feasibility of collecting the charges in a semiconductor means that they can be
used in solar cells and in artificial photosynthesis. Credit: Matton
In a new study, a research group at Uppsala University explain their outstanding success in harvesting "hot electron holes." The results of their work can be used to improve solar cells, photochemical reactions, and photosensors. The scientific article is published in Nature Materials.
For some time, it has been known that certain metallic nanoparticles can absorb light and, in the process, generate positive and negative electrical charges. When these charges develop in light absorption, they are referred to as "hot." The negative charges are electrons and the positive ones are known as "electron holes," where an electron in the valence band (the electrons in the outer shell of the atom) is missing.
Hot electrons are a well-studied phenomenon and the manner in which they can accumulate in semiconductors (materials that conduct current less well than conductors, such as copper, but better than insulators, such as ceramics) is known. This extends their life, enabling them to be used in photocatalysts, solar cells and photosensors. A great deal less is known about hot holes.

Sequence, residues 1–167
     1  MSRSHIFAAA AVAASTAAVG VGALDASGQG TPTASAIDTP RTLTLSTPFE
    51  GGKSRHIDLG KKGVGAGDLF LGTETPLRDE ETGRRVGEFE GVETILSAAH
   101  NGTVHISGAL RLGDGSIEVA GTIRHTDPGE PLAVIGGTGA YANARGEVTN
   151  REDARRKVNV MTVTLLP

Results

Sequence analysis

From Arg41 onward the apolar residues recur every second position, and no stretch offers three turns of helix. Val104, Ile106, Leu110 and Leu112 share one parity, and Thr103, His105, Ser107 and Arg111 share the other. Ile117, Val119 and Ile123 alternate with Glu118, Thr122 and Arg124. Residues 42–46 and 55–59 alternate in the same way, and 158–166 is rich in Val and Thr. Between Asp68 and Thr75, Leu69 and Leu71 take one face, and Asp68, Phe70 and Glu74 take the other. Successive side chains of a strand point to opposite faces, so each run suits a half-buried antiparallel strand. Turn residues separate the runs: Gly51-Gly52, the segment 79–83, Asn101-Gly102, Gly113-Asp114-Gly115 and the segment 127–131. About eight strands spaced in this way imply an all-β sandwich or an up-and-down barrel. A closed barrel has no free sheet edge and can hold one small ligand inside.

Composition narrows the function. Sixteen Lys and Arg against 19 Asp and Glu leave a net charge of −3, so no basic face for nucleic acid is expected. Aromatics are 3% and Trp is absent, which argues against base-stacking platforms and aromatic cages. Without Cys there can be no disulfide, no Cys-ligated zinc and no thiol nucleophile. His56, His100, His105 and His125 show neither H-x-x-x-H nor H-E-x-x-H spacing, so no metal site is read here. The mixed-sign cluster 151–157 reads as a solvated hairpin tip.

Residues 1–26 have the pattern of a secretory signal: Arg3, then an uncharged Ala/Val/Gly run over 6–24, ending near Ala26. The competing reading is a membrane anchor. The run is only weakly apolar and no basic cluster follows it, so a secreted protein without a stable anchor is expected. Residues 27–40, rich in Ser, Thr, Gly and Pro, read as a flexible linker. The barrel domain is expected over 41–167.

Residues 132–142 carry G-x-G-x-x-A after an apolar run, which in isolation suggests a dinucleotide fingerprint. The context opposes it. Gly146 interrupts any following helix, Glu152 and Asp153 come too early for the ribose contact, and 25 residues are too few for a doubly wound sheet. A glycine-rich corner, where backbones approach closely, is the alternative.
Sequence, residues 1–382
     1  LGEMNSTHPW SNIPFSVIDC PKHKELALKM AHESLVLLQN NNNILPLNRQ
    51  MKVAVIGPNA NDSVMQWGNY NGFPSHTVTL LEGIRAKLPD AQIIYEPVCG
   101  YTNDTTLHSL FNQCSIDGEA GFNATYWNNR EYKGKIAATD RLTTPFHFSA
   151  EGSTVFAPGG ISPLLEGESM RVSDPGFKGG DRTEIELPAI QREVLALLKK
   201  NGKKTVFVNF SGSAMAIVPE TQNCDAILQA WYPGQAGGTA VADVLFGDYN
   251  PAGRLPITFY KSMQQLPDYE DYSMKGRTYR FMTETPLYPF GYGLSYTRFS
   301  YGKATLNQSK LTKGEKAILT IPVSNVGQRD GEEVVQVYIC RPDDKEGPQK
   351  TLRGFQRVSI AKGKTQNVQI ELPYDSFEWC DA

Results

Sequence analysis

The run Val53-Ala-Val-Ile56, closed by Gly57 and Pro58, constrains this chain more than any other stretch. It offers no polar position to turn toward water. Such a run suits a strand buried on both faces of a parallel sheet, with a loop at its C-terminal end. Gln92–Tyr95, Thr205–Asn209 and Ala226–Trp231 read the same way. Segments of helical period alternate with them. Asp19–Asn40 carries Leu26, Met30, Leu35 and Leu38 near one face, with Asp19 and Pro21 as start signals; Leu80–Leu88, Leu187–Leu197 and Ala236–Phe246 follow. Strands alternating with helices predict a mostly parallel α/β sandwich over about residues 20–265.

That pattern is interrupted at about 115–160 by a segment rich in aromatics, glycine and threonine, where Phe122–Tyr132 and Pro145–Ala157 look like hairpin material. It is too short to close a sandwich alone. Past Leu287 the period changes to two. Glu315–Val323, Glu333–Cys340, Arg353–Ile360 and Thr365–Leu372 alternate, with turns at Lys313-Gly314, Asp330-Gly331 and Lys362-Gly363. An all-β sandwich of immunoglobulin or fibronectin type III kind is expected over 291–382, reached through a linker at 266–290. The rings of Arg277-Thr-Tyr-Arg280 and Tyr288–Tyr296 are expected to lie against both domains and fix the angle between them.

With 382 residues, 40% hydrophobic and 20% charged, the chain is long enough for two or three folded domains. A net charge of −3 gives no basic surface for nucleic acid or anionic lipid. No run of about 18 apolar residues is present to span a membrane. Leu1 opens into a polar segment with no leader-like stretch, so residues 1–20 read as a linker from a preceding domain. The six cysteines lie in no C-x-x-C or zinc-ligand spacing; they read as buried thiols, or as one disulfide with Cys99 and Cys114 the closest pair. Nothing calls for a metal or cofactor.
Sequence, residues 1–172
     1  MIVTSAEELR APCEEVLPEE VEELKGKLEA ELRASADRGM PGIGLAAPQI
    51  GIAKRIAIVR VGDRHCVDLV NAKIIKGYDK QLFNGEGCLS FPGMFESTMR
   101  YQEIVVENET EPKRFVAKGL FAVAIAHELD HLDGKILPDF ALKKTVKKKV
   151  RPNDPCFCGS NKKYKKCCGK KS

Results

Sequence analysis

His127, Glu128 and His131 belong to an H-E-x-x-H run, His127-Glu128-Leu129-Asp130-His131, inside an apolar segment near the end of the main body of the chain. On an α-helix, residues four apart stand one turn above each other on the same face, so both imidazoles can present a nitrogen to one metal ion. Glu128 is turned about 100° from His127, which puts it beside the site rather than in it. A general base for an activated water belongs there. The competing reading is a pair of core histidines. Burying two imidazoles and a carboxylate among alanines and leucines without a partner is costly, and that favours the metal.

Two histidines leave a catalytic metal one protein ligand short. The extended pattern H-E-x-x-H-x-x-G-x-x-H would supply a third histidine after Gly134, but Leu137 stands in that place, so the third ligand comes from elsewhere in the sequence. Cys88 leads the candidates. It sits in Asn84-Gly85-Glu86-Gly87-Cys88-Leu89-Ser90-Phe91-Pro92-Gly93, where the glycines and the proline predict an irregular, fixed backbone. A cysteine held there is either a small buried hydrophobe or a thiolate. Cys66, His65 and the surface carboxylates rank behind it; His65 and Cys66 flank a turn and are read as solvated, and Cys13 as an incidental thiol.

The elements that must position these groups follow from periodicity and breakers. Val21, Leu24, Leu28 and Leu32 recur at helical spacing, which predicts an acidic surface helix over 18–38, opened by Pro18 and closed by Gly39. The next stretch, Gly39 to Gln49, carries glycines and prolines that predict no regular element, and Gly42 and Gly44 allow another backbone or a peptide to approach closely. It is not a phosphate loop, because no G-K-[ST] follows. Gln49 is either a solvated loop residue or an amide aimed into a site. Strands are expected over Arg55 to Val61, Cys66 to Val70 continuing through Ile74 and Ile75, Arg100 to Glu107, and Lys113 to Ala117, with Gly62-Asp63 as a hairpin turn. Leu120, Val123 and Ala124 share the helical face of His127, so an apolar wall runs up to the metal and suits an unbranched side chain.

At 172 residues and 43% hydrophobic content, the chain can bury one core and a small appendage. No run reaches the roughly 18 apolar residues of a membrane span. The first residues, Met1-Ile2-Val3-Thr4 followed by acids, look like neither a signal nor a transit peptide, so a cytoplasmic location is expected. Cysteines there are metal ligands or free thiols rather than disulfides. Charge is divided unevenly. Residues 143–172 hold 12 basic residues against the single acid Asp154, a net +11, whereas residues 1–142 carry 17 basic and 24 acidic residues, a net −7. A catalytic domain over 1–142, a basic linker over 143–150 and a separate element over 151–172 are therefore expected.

Can be used in solar cells and in artificial photosynthesis
In the new study, the researchers have succeeded in collecting more than 80 percent of the hot holes in a semiconductor, which is three times as much as was previously thought possible. The process is astonishingly fast: it takes less than 200 femtoseconds (0.000000000002 s). The feasibility of collecting the charges in a semiconductor means that they can be used in solar cells and in artificial photosynthesis, for example to reduce carbon dioxide and produce hydrogen and oxygen from water.
The researchers had made the theoretical prediction that the accumulation of the positive charges would affect the dynamics of the negative charges as well. This hypothesis is confirmed by observations included in the new study. When light is absorbed and electric charges are produced, the "electron temperature" rises. Harvesting the hot holes makes the electronic heat capacity increase, modifying how far the electron temperature rises.
This indicates that it is possible to manipulate the energy distribution of the electrons by controlling the degree to which the electron holes are removed. This is a significant result since it enables, for example, regulation of the maximum voltage in a direct plasmonic solar cell (a solar cell that converts light into electrical energy using plasmons as the active photovoltaic material) or control of the reactive "window" in a photocatalytic process.